Andrés Neuman has quickly become an in-house name here at Open Letter/Three Percent, and, as Jeremy hints at in his review, everyone either can’t wait to get started on reading him, or can’t wait to keep reading him. Andrés will also be at the University of Rochester at the end of April for our Reading the World Conversation Series event.
Jeremy has written for The Oregonian, the Oregon Historical Quarterly, and on Powells.com, and is a great source of reviews in general and reader of world lit. Here’s a bit from his review:
Talking to Ourselves (_Hablar solos), the second of Neuman’s books to be rendered into English, could not be more unlike its predecessor in translation—be it thematically or stylistically. Whereas Traveler of the Century was an epic novel of ideas, Talking to Ourselves is a far more intimate, personal work dealing with loss and mortality. There are no early-19th century self-rearranging german towns or cave-dwelling organ grinders to be found herein, but instead a small family forced to confront a reality teetering precariously upon the cusp of sorrow and uncertainty.
Set across an ambiguous landscape that appears to encompass both Spain and Latin America, Talking to Ourselves transcends geographical borders as easily as it does those of fidelity and compassion. Mario, afflicted with a cancer that brings him ever closer to death, sets out on (what he knows to be) a final road trip with his young son, Lito. staying behind is Mario’s wife, Elena, heartbroken over her family’s impending fate, yet able to find mild comfort within the pages of literature. With Mario’s illness looming, husband/father, wife/mother, and son are left to make sense of their inevitable realities however best they can—longing for intimacy and release, yet unable to overcome the emotional alienation imposed upon them by imminent dissolution.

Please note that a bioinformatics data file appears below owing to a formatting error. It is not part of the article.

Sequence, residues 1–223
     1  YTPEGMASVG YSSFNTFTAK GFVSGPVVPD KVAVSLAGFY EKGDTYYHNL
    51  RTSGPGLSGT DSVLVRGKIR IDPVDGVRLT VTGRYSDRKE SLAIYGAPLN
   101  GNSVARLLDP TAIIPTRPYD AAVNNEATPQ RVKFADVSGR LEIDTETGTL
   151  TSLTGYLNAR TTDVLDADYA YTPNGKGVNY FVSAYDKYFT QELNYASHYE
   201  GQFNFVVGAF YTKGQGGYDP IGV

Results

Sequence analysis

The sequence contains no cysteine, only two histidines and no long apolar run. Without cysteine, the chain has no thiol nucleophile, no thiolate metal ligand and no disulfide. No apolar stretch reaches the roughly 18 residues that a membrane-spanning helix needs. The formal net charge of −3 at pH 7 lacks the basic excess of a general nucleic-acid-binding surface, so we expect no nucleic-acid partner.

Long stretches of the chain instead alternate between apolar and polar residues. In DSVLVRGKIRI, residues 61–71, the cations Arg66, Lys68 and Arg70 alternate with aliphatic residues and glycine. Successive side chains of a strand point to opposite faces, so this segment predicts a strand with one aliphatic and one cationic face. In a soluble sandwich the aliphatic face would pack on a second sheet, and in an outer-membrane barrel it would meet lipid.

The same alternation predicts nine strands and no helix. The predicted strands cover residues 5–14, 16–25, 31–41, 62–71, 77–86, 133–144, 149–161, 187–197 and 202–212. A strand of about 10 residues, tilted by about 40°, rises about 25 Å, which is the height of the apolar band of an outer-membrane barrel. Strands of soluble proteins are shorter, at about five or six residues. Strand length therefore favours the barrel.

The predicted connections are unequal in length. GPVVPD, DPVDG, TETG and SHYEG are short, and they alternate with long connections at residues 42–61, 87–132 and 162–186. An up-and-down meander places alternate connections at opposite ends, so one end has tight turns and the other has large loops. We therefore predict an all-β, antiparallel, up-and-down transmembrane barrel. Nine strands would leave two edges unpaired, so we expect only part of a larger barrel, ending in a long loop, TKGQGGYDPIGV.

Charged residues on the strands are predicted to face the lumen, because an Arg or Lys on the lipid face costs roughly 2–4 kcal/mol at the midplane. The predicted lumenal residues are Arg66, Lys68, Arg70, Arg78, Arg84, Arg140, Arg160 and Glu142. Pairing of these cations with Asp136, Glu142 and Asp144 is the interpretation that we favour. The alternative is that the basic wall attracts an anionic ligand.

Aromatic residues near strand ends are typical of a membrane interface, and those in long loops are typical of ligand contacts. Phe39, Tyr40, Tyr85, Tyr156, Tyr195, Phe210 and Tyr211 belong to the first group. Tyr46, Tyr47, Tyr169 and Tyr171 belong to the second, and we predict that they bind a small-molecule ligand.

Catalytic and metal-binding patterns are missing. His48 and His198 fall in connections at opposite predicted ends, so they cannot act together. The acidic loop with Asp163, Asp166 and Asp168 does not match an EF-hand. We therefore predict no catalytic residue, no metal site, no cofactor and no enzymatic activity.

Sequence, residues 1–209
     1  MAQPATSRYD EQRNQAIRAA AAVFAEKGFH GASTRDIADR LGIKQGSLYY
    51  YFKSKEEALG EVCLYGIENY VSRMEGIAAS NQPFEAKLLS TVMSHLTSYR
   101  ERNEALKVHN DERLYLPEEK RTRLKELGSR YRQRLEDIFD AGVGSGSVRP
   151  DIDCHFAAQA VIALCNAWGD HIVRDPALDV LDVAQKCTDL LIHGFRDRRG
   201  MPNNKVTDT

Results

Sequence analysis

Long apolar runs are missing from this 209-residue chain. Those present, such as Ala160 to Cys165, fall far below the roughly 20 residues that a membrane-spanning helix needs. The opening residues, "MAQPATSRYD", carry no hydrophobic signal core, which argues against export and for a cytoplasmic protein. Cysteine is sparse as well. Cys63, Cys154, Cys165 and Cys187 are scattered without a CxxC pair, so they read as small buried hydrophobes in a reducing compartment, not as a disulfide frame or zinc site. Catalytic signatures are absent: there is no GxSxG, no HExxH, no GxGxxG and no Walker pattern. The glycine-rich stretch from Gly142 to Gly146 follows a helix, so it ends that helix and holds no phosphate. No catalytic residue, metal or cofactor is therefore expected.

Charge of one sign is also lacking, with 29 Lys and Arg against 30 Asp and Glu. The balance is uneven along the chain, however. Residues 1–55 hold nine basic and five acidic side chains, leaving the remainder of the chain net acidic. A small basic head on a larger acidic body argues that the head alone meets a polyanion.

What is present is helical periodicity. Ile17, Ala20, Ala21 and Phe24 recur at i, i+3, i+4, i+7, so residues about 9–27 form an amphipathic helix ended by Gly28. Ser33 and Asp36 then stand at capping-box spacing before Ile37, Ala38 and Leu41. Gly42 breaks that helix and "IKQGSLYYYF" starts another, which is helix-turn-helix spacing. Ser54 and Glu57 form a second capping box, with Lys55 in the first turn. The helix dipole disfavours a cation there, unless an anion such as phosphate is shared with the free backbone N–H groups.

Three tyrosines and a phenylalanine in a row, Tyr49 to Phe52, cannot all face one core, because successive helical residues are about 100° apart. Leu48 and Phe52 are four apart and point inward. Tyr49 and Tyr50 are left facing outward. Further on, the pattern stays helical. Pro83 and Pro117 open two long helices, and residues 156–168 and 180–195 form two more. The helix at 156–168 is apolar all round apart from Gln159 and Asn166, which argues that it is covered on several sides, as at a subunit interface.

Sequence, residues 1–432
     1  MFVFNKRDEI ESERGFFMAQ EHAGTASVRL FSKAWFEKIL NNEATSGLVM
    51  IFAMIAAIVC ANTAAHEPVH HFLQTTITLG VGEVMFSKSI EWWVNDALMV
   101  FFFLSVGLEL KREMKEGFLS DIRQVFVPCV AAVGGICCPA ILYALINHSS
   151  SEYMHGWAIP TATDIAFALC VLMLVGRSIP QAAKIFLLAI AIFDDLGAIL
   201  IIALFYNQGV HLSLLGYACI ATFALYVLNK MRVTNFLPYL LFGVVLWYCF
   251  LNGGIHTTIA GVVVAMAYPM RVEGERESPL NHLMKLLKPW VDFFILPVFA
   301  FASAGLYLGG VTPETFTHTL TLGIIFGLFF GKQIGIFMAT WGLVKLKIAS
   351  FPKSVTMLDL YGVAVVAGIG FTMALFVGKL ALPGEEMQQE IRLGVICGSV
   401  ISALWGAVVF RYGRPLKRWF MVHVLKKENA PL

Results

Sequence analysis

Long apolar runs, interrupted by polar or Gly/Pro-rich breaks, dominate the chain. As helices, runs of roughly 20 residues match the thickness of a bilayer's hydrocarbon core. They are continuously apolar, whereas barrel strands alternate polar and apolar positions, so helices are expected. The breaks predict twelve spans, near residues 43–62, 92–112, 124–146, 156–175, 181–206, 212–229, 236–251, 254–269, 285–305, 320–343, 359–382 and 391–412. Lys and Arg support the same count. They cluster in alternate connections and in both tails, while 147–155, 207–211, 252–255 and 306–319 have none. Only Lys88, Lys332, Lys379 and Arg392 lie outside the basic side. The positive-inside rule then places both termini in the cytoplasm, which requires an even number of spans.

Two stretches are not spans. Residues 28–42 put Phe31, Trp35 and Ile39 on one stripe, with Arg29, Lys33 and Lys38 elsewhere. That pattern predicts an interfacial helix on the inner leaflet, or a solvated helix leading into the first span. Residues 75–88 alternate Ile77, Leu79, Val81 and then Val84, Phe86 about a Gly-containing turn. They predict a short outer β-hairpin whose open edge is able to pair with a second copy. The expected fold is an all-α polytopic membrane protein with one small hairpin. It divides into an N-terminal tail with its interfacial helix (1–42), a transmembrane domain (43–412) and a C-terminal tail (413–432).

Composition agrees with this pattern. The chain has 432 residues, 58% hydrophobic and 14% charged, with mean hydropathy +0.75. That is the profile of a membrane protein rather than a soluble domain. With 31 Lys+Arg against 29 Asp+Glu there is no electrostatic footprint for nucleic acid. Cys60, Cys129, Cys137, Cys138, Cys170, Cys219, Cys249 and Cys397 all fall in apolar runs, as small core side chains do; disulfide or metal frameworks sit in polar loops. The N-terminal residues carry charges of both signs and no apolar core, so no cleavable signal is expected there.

Told, in turns, from the perspective of each of the three main characters, Talking to Ourselves is, narratively speaking, a most ambitious effort. Alternating between Lito, Elena, and Mario, Neuman captures the distinction and nuance of these individual voices—inhabiting their inner worlds (in one form or another) to reveal fears, hopes, misgivings, doubts, and longings. Not only is each respective chapter told from the viewpoint of one of the three—each is also conveyed in a different format altogether: Lito’s excitable, curious, and impatient stream-of-thought expression befitting a 10-year old, Elena’s ongoing and forthright diary compositions, and Mario’s series of tape recordings to be left behind for Lito after his passing. Neuman’s stylistic choice works to magnificent effect (however arduous a task it must have been to pull off), as he easily transitions between voices and forms to reveal the thoughts and feelings that seem to so overwhelm each character, despite their inability to share openly with one another.
For the rest of the review, go here.
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Its perfection arises precisely from its imperfection . . . . I have an image in my head. I see. . .
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Spoiler alert: acclaimed writer Stefan Zweig and his wife Lotte kill themselves at the end of Lauren Seksik’s 2010 novel, The Last Days.
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After a mysterious woman confesses to an author simply known as “R” that she has loved him since she was a teenager, she offers the following explanation: “There is nothing on earth like the love of a child that passes. . .